The 2018 Annual Jack Miller Center /
Civic Spirit Summer Institute

July 30 - August 3, 2018
Macaulay Honors College, New York City

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The annual Summer Institute, a partnership between the Jack Miller Center and Civic Spirit, is a week-long rigorous professional development conference that brings together Civic Spirit participating schools, administrators, and teachers for an immersive dive into educating for civic character and civic responsibility.

The nonpartisan training provides school representatives with resources to engage with founding American documents, strategies to develop civic virtues, and a community to learn and share best practices in civic education. Workshop scholars help teachers explore methodologies for cultivating civil discourse in their classrooms, think critically about news media, and consider the role of service—religious, military, and otherwise—in our civic life. At the end of each day of Institute learning, teachers have the opportunity to convene in small working groups and apply the knowledge gained through structured discussion and course planning.


Challenge of Statelessness and the Gift of Citizenship

Peter Nelson, Founder of Facing History and Ourselves-New York Office

Session II: The Idea of Citizenship

Roosevelt Montás, Columbia University

Session III: Freedom and Citizenship Program

Dr. Jessica Lee, Associate Director Freedom and Citizenship Program Students

Session IV: How We Get Involved: The Importance of a Call to Action to Move Us

Peter Nelson

Course planning in work blocks 

Session I: Jefferson on the Principles of Liberty and the Vision of Happiness

Darren Staloff, City College of New York

Session II: Madison’s Spirit of Moderation

Andrew Trees, Roosevelt University

Session III: Master Classes 

Darren Staloff and Andrew Trees

Session IV: The Purpose of Civic Education 

Course planning in work blocks 

Session I: “The Man Without A Country”

Edward Everett Hale Diana Schaub, Loyola University Maryland

Session II: “In a Strange Country” and “The Little Man at Chehaw Station: The American Artist and his Audience”

Ralph Ellison Benjamin Storey, Furman University

Teacher Panel: Politics as Service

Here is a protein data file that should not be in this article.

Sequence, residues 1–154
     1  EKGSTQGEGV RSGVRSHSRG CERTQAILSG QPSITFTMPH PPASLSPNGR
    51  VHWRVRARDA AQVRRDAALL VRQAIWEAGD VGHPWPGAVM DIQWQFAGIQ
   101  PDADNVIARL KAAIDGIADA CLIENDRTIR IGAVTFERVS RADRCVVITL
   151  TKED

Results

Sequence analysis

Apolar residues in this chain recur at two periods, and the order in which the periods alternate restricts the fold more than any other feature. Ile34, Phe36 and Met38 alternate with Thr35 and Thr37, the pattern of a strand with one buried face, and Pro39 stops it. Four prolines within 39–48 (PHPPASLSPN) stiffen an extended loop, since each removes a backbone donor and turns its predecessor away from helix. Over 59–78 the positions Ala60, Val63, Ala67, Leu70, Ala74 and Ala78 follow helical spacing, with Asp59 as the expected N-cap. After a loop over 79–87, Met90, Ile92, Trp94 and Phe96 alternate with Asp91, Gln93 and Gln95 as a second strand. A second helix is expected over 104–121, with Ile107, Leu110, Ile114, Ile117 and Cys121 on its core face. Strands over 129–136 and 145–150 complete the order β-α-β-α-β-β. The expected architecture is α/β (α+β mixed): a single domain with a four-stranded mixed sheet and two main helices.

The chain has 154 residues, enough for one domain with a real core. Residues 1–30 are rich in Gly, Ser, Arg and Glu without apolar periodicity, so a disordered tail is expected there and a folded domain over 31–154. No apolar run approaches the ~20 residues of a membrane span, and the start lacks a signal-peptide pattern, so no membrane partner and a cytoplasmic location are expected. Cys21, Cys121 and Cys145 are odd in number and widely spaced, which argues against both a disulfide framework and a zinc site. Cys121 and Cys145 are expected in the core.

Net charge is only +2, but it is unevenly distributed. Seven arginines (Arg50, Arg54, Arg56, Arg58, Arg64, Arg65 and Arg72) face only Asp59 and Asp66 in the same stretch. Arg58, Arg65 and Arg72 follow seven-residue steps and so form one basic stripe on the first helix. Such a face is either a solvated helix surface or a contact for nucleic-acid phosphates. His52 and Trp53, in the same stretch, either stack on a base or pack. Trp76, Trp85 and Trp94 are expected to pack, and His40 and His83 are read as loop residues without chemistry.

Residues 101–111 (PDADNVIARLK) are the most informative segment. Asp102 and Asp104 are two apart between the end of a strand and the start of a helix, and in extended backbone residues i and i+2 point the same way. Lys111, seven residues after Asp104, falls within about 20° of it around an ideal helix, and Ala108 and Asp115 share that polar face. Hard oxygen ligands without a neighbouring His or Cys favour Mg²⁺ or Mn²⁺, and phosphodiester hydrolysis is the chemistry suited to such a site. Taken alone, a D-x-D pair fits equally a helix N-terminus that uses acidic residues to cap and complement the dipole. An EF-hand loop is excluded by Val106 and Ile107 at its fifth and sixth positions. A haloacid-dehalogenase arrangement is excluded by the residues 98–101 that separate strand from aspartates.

• Tamara Mann Tweel, Columbia University
  • Aaron MacLean, The Paul E. Singer Foundation
  • Wilson Martinez, De La Salle Academy
  • Audi Hecht, Yeshiva University High School for Girls

Session III: Civil Discourse Training with OpenMind

Caroline Mehl, Director of OpenMind

Course planning in work blocks 

Session I: Religion and Democratic Virtue—The Founder
Maura Jane Farrelly, Brandeis University

Session II: Religion and Democratic Virtue—The 19th Century

Maura Jane Farrelly, Brandeis University

Session III: Religious Leadership and the Public Square

  • Father John Coughlin, NYU School of Law
  • Rabbi Yehuda Sarna, NYU Wagner School of Public Service Moderator: Rabbi Robert Hirt, Yeshiva University (Emeritus)

Session IV: An Informed Citizenry in the Digital Age?

Peter Nelson

Course planning in work blocks 

Cocktail Party in Celebration of Civic Spirit (Optional)

Session I: “Bartleby, the Scrivener: A Story of Wall Street”

Andrew Delbanco, Columbia University

Generation Citizen Training

Brooke Wallace, NYC Program Director Generation Citizen

Session III: Teacher Course Presentations

SAR Academy, St. Jean Baptiste High School, The Frisch School



Session II: Roosevelt Montas on “The Idea of Citizenship”

Introductory note from Professor Montas:

This session looks at some key moments in the historical development of the idea of citizenship, which is to say, key moments in the history of how we understand the place of the individual in a political community. Three moments, chronologically organized, will occupy our attention: Antiquity (represented by Plato and Aristotle); the political awakening of the 18th century (including the American Revolution); and the “new birth of freedom” announced by Lincoln at the end of the Civil War. Our ultimate aim is to contextualize our contemporary political reality in a large historical frame.

  1. Plato. Crito. Translated by Cathal Woods and Ryan Pack.
  2. Aristotle. Book 1, Chapters 1-6. Politics. Translated by C.D.C. Reeve.
    Indianapolis: Hackett Publishing Company, 1998.
  3. Rousseau, Jean Jacques. Book 1. On the Social Contract.
  4. Jefferson, Thomas. Declaration of Independence. 1776.
  5. Lincoln, Abraham. Gettysburg Address. 1863.

Session I: Darren Staloff on “Jefferson’s Principles of Liberty and the Vision of Happiness”

Introductory note from Professor Staloff: